DRYing Up Shared Web.config Settings

I recently modified some connection strings and settings across multiple ASP.NET web applications in a large solution. It (only) took an hour, but in the process I found multiple incorrect and stale settings. The code violated the DRY principle. The fix involved referencing the common shared settings from a single source instead of repeating them across the solution.

Creating a DRY Config

In my case, I had two SQL connection strings and ~10 app settings that should have been shared. It would be a bug for one project to have a different value for these settings than the other projects in the solution. ASP.NET 5 is a bit more flexible in merging configurations from multiple sources, but I needed to use the traditional Web.config and App.config files.


It turned out to be straightforward to share common appSettings with the following code in my App.config file:

<appSettings file="CommonSettings.config">
  <add key="Value1" value="123" />

All of my common settings are defined in CommonSettings.config and can be referenced by each project in my solution. Any additional values that are only used by a single project are added the normal way within the appSettings element.


Unfortunately, connectionStrings don’t support the file attribute. Instead, I needed to use the configSource attribute. The main difference is that the entire section is defined in the referenced file, i.e. I can’t add a connection string specific to a single project.

<connectionStrings configSource="CommonConnectionStrings.config" />


For this approach to work, the shared config file should be copied to the project’s output directory so it is adjacent to the regular App/Web.config file. Add the existing shared .config file to the project as a Linked file and set it to ‘Copy if newer’. You should see something similar to this in your .csproj file:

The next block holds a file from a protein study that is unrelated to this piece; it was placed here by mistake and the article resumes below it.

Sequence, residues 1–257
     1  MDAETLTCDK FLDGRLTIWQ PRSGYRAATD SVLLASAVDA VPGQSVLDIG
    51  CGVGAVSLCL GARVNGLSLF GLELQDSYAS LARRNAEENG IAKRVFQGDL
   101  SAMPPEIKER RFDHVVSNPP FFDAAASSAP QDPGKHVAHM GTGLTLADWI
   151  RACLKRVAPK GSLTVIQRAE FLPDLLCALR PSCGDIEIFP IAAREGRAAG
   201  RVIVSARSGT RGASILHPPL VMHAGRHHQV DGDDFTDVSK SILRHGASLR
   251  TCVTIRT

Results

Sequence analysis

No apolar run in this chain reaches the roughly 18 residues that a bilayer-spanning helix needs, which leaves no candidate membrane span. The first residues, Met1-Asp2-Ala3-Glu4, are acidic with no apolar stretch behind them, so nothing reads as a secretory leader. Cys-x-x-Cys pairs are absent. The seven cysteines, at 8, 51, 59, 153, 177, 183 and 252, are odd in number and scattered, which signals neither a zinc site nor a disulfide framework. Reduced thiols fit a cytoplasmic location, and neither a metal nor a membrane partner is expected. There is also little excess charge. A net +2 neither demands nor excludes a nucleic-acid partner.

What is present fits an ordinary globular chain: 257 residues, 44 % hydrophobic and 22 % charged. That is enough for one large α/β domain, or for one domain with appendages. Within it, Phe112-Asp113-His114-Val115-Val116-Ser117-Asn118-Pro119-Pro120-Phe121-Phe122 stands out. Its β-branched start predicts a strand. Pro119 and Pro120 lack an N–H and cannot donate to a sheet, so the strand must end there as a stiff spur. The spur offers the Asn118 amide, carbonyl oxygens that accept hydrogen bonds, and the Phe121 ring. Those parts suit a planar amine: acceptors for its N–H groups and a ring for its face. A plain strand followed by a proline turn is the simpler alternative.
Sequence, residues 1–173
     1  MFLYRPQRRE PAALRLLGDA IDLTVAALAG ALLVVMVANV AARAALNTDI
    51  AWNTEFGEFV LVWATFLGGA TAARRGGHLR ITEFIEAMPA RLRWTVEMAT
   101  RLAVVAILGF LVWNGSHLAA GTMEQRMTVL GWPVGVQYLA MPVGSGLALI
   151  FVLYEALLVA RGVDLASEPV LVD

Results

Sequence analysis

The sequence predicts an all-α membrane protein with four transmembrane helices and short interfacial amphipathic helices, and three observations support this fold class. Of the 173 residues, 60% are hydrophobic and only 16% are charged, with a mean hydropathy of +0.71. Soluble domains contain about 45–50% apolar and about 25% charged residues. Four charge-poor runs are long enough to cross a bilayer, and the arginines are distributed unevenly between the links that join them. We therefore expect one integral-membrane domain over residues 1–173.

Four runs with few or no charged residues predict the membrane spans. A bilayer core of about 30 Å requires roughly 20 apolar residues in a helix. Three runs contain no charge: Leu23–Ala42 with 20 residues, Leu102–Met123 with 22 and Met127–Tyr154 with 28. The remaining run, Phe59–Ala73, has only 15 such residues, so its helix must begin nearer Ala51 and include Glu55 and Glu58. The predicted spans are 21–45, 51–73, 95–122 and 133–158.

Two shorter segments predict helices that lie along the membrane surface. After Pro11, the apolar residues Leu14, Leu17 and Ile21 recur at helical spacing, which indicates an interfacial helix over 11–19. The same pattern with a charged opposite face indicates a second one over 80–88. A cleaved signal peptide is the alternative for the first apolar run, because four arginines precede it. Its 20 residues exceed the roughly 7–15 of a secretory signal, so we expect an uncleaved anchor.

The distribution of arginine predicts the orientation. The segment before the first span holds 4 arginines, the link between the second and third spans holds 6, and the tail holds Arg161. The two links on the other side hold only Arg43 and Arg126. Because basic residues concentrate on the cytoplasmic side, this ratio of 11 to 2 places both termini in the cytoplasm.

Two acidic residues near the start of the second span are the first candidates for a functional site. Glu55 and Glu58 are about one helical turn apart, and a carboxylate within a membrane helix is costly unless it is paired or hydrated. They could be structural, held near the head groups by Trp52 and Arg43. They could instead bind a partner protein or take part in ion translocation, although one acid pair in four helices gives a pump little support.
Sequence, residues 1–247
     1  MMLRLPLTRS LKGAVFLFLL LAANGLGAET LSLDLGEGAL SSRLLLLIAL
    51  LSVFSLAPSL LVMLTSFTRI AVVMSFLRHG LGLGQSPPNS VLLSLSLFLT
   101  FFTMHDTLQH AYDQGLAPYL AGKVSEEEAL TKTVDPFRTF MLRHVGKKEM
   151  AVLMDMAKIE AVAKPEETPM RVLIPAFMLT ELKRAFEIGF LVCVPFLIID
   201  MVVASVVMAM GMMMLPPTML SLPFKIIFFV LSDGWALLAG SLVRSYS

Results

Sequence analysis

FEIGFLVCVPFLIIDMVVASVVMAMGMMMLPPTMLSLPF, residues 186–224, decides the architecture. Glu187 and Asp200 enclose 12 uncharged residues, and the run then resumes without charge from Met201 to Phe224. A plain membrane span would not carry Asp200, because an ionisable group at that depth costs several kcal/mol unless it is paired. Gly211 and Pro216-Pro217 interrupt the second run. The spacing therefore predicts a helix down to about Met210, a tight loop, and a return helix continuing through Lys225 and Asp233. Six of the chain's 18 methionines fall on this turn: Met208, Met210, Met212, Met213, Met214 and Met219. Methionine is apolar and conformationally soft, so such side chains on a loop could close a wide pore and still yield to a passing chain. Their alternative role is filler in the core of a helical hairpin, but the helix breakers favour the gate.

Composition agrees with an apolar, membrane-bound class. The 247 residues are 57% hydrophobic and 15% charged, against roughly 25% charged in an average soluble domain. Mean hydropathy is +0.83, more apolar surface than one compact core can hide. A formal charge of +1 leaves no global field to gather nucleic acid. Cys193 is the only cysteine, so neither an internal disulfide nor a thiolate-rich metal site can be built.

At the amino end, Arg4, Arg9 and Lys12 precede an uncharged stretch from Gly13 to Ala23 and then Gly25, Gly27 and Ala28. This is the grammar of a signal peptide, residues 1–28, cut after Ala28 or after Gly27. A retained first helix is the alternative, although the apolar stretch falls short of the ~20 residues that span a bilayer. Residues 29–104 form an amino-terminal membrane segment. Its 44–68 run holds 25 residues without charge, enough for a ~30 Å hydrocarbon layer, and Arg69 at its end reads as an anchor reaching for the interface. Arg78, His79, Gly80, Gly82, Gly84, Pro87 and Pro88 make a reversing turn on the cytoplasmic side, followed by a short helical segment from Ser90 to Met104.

<None Include="..\CommonConnectionStrings.config">

Note that in the appSettings case, keys defined in the external file will override keys of the same name defined in the App.config file. Also, when deploying a web app to Azure, you can only override values defined in an external file if you use the configSource attribute.


It’s easy to copy/paste common code the first few times you need it. You can get away with it in a small application or prototype, but it’s better to practice applying the DRY principle. The next time you want to hit copy/paste, ask yourself if it would be possible to extract that information to a shared location in your project.

  • Kevin says:

    Have you ever tried using the parent child relationship when setting up multiple web application?

    Default Website
    +— web.config
    +— app01
    +— web.config
    +— app02
    +— web.config

    If you structure your system something like the above example, you can put your common settings, including connection strings in the web.config for the Default Website and they will be available to app01 and app02.

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